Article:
Blake Discher: Six Basic Rules of Negotiating
By Blake Discher, © 2011 Blake Discher - All Rights Reserved
Depending on which segment of the photography industry you're working in really determines the extent to which you can negotiate how much a job will pay. Very often in editorial, the client calling on the telephone presents you with a take-it-or-leave-it fee, leaving virtually no room for negotiation.
There are two ways to make more money in this business, work more, or get better clients. Quite honestly, I don't mind working, but I'd rather not, so I've consistently gone after better clients. To get those clients, you'll need to differentiate yourself from your competitors in order that you are selling more than a commodity. You need to figure out what value you bring to the table that other photographers do not in order to begin to work with these more desirable clients.
You're going to hear ten "no's" for every "yes" so don't take a lost negotiation personally. Don't burn bridges. I like to think of it this way: each person in a negotiation is just doing their job. The prospect's job is to get you to work as inexpensively as possible. Your job is to shake the last nickel out of his or her pocket. Each person is just doing his or her job.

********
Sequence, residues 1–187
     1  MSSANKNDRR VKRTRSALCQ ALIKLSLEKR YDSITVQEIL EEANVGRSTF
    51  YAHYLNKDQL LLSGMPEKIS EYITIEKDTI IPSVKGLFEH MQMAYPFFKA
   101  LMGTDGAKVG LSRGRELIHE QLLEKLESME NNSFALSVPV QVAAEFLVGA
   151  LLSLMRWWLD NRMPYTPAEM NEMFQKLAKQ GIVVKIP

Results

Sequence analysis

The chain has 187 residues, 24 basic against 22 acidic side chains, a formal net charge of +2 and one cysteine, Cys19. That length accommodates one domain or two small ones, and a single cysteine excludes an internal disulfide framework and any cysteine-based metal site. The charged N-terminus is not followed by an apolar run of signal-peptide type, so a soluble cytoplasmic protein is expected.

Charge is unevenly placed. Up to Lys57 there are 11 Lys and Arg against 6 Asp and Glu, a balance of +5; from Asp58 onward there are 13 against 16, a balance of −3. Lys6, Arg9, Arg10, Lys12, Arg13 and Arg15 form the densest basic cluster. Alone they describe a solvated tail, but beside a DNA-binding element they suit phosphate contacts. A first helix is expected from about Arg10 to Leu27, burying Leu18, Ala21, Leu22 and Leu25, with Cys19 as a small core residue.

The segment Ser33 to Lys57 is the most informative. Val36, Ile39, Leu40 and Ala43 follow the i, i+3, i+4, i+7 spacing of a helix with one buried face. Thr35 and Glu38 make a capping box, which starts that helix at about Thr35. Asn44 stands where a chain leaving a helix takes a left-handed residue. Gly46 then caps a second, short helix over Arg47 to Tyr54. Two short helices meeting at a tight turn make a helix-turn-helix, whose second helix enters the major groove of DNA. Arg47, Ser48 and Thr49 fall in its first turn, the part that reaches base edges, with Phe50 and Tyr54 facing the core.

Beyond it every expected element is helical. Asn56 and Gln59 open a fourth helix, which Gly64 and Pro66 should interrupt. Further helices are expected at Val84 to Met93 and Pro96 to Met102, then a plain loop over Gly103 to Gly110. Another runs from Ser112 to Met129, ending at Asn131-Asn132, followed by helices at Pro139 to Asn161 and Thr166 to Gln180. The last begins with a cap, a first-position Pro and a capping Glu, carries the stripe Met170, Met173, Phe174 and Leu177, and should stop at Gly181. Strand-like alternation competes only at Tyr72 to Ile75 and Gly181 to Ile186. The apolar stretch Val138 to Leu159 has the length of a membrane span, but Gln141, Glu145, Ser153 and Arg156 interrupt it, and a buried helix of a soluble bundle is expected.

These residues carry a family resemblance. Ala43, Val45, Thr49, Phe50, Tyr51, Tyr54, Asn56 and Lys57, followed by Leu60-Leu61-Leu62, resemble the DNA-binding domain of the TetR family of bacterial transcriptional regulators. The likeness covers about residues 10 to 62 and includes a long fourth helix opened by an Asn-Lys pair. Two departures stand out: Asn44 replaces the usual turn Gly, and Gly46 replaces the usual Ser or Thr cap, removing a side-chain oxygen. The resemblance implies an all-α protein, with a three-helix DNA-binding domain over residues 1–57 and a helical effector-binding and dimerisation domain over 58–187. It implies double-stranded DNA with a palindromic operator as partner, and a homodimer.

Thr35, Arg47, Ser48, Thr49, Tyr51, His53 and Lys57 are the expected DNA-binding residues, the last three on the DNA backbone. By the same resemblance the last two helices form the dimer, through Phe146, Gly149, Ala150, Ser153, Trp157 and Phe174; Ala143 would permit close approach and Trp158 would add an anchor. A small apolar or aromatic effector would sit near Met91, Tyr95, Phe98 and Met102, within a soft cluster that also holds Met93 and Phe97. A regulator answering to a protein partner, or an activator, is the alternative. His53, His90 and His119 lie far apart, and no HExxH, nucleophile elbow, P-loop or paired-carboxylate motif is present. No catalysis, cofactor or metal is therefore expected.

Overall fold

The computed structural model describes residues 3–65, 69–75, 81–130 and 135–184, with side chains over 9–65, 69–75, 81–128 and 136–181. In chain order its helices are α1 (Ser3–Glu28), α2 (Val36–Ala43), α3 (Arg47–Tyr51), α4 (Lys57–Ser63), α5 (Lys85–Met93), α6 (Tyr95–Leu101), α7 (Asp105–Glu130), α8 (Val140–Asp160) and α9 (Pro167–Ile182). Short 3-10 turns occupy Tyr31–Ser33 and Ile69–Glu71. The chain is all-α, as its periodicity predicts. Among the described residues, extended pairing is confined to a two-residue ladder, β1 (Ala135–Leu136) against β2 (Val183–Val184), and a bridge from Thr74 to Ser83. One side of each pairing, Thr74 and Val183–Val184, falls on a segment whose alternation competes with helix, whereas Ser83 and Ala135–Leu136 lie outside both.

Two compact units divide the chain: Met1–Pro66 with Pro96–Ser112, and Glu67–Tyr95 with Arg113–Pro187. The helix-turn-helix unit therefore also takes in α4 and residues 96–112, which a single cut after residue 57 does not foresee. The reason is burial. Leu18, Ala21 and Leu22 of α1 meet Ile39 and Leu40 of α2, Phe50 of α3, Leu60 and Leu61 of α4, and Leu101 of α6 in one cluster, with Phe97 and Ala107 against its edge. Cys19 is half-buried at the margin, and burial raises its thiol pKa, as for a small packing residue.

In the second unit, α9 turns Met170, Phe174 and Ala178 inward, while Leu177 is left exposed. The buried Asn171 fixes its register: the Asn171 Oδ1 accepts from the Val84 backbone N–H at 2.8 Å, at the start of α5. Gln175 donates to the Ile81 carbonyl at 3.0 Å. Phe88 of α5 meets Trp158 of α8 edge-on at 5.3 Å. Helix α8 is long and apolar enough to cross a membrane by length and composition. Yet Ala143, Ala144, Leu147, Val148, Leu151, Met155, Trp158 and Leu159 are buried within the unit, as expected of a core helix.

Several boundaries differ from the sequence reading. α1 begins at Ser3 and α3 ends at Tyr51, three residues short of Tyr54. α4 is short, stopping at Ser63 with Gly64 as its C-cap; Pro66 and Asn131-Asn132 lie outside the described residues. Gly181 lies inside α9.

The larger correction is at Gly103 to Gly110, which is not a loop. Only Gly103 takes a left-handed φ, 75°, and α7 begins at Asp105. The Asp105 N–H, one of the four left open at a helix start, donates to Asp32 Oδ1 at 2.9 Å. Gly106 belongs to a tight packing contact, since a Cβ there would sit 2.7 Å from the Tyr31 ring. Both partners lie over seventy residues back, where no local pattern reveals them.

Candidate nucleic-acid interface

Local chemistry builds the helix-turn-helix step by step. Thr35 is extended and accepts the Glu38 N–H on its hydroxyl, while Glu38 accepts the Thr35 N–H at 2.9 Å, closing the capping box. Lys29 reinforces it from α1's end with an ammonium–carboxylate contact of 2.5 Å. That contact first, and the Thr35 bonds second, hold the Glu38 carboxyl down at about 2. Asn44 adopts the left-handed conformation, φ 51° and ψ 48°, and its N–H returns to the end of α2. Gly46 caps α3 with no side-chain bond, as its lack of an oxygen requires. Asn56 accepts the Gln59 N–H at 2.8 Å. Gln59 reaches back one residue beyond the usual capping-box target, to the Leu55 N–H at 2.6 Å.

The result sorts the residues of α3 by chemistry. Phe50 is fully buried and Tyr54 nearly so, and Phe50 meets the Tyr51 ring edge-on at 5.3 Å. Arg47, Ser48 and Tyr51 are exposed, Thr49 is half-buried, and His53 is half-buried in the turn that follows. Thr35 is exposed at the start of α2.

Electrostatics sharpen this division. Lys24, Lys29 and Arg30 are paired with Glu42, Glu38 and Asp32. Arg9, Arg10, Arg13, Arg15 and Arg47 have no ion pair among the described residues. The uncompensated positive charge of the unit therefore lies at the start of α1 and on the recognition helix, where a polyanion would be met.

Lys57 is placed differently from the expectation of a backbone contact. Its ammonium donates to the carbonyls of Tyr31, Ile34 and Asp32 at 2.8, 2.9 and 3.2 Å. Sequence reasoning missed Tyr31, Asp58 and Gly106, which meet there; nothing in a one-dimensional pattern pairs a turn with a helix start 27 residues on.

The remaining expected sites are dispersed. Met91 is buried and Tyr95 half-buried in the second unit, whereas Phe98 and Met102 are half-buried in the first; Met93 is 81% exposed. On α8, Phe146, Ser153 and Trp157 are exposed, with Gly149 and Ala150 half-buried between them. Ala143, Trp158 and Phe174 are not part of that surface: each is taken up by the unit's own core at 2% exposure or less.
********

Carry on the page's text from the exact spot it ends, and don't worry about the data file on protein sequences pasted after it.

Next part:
When a client calls you, I like to think there are six basic skills of negotiating. None of these are rocket science, they're just nuggets I've picked up over years of attending sales training seminars and reading lots of books. Let's take a look at each of them:
This is important, especially when you start to climb the "client ladder." As you begin your move to more sophisticated photo buyers, the jargon at each level shifts a bit. "Day rate" may become "creative fee." "Expenses" become "production costs" and so on. Professional organizations such as the American Society of Media Photographers (ASMP) and American Photographic Artists (APA) both have online forums that you can turn to for advice in this area.
Another aspect of preparation is to know your counterpart in a negotiation. The person with the most knowledge has the advantage in any negotiation. When a client calls, the first thing I do is go to their company's website. I want to see how they're using photography and just how sophisticated (from a design standpoint) their site looks. If they're using Times as a font, you're in trouble!